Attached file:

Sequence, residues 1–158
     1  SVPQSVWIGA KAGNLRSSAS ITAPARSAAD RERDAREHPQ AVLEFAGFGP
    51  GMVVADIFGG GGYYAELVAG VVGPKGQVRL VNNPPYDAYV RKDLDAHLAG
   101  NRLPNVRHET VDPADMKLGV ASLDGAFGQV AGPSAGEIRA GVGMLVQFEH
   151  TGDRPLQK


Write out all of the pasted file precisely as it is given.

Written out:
Sequence, residues 1–158
     1  SVPQSVWIGA KAGNLRSSAS ITAPARSAAD RERDAREHPQ AVLEFAGFGP
    51  GMVVADIFGG GGYYAELVAG VVGPKGQVRL VNNPPYDAYV RKDLDAHLAG
   101  NRLPNVRHET VDPADMKLGV ASLDGAFGQV AGPSAGEIRA GVGMLVQFEH
   151  TGDRPLQK